Don’t like the firmware that comes on your wireless router? You may be able to replace it with an open source alternative such as OpenWRT or DD-WRT as a way to tighten security, tweak performance, keep an old router up to date after it’s no longer supported by the manufacturer, or just to gain more control over the way the device works.
But if you buy a recent TP-Link router in the United States, you may not be able to install custom firmware: the company has announced that it will no longer support flashing of third-party firmware.
Why? Because the company says it’s the easiest way to comply with new rules from the FCC.
So here’s the deal: the US Federal Communications Commission passed rules designed to prevent devices from operating in ways that could cause interference with other wireless gear… and while the FCC says the goal wasn’t to prevent users from installing third-party firmware on their routers, Ars Technica noted last year that one of the simplest ways for wireless equipment makers to comply with the rule would be to block firmware replacements such as DD-WRT or OpenWRT.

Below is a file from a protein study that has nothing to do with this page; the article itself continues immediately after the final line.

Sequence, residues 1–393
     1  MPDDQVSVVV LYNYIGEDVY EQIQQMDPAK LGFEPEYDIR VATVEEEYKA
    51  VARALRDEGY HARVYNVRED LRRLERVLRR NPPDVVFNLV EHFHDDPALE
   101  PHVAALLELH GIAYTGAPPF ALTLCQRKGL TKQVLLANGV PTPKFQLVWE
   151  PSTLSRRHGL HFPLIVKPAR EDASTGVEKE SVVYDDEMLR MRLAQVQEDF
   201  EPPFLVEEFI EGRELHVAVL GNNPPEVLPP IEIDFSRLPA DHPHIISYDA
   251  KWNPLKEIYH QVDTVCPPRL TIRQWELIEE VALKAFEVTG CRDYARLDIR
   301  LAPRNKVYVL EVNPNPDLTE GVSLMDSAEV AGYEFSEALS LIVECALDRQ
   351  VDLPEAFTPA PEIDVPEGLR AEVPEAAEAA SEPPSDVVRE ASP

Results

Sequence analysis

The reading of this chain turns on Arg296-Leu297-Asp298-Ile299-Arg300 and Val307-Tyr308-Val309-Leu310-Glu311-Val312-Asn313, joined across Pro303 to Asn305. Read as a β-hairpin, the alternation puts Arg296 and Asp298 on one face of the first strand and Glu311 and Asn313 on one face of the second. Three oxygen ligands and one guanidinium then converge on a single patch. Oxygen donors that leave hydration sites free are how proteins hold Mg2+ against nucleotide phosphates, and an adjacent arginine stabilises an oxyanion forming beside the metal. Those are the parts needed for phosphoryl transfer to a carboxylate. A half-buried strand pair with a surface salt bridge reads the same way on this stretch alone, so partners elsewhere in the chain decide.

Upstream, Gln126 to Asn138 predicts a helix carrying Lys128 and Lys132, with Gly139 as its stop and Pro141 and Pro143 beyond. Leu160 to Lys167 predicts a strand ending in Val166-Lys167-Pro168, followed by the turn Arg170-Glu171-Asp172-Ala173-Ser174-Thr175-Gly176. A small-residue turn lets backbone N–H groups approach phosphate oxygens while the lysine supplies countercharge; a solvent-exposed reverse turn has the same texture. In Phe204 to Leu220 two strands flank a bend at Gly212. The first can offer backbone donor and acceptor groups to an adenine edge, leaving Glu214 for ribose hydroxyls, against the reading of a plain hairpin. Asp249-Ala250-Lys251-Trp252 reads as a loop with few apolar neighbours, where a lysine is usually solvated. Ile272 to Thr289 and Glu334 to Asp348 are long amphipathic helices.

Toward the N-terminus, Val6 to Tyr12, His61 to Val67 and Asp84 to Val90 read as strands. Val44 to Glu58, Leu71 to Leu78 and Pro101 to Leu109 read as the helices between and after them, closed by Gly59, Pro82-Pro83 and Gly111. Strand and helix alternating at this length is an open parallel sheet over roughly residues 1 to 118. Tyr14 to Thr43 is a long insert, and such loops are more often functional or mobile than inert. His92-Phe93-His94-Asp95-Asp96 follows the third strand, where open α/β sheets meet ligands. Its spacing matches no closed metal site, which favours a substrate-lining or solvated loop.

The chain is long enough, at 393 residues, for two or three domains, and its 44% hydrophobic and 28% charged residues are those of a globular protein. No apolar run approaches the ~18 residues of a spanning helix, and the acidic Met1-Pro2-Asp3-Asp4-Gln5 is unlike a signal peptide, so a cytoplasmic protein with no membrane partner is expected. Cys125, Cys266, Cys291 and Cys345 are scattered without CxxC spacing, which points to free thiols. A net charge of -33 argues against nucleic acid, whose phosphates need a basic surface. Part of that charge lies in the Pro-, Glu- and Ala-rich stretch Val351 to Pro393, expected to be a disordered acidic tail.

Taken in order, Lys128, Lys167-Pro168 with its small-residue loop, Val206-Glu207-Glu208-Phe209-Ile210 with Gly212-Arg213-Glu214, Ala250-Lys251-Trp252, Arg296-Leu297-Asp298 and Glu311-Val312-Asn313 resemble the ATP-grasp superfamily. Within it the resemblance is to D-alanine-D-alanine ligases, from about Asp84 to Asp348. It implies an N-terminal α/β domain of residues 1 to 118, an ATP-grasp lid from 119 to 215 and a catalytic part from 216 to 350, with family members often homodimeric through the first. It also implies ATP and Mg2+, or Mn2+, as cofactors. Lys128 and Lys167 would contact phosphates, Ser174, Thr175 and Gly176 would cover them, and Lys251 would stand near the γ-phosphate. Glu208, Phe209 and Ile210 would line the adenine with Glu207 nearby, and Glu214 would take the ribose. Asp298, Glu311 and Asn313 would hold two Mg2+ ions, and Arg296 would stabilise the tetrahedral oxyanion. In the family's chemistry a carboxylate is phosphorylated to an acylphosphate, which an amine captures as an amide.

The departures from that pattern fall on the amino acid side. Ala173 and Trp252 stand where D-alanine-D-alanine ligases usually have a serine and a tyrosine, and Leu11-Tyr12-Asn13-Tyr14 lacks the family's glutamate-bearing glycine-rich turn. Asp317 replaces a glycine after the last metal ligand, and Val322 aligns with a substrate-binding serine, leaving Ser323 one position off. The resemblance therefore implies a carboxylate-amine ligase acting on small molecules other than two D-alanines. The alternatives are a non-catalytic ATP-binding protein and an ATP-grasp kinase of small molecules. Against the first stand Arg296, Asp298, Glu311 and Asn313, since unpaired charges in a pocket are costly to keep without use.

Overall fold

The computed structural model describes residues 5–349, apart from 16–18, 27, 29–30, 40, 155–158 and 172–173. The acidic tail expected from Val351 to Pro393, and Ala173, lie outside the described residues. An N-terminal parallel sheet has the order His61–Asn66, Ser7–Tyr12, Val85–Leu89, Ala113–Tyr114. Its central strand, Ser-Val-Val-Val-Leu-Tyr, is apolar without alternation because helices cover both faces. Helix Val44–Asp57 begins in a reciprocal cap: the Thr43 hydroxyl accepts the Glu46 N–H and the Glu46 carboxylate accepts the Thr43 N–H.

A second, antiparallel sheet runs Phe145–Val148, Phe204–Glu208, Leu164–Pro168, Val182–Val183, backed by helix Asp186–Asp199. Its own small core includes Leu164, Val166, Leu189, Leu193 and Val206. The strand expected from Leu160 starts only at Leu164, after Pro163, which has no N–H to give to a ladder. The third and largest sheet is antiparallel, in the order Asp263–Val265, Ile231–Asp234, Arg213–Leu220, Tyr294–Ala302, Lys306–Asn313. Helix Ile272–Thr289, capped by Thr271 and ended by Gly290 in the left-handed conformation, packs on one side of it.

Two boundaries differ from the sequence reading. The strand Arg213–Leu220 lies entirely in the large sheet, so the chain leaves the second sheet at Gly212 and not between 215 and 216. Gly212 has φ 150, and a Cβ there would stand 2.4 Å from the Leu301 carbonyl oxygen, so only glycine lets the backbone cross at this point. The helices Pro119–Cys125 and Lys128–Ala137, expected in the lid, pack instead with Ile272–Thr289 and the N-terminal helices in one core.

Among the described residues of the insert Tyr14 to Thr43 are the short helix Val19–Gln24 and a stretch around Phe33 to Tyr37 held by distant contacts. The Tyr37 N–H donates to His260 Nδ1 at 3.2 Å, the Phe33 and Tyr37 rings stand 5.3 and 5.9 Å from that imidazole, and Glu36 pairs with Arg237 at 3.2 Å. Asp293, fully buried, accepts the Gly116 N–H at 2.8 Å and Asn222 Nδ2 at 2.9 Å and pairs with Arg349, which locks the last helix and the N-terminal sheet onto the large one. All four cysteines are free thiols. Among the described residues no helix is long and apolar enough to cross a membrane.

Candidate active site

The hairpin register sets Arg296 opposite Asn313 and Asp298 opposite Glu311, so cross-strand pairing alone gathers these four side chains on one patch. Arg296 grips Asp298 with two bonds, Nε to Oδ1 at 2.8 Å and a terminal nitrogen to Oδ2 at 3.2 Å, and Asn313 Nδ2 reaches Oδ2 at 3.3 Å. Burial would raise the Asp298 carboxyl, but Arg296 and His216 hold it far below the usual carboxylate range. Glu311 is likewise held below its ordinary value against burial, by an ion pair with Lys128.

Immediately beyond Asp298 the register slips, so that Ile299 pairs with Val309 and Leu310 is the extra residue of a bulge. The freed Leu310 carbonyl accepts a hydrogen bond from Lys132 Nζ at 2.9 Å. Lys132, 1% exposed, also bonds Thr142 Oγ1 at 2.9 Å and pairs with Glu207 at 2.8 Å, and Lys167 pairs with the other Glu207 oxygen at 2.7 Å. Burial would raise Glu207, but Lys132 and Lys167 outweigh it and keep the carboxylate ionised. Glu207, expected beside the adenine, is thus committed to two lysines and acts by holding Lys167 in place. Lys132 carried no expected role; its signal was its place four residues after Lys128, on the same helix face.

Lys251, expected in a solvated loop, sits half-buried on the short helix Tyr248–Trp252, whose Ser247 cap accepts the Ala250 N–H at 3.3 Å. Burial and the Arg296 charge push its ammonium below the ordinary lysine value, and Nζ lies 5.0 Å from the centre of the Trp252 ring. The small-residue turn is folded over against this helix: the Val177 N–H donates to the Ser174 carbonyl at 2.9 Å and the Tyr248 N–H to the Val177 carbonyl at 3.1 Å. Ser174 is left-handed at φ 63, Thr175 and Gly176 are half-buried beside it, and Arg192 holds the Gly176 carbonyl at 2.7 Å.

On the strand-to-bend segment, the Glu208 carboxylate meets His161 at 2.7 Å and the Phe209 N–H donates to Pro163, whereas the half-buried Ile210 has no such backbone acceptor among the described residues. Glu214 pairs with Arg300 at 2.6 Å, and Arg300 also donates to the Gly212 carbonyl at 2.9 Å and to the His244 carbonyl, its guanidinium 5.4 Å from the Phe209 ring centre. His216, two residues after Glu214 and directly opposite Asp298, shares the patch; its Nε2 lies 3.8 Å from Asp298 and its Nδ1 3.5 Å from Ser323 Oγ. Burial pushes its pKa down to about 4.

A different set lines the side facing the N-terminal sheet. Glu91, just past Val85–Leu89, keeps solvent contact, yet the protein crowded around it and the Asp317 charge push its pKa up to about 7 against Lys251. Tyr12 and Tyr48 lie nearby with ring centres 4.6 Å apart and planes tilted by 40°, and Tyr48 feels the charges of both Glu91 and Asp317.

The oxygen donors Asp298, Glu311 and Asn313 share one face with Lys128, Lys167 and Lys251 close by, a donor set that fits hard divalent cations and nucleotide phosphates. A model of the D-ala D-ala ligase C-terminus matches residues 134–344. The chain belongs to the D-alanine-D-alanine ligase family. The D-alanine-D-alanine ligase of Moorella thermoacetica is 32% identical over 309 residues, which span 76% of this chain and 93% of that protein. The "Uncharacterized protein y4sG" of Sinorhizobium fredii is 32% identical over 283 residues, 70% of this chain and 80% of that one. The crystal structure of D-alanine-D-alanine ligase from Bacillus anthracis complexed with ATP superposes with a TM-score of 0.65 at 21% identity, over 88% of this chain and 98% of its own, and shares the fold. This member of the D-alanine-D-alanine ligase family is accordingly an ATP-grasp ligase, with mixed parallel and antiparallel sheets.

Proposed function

Now it looks like that’s exactly what TP-Link is doing.
In February, we started to see reports that the company’s routers were locked down. Now it looks like TP-Link has issued a “Statement and FAQ for Open Source Firmware” that confirms that versions of its routers sold in the United States will not support flashing of third-party firmware.
The rule only affects routers “marketed and sold in the US.”
via Ars Technica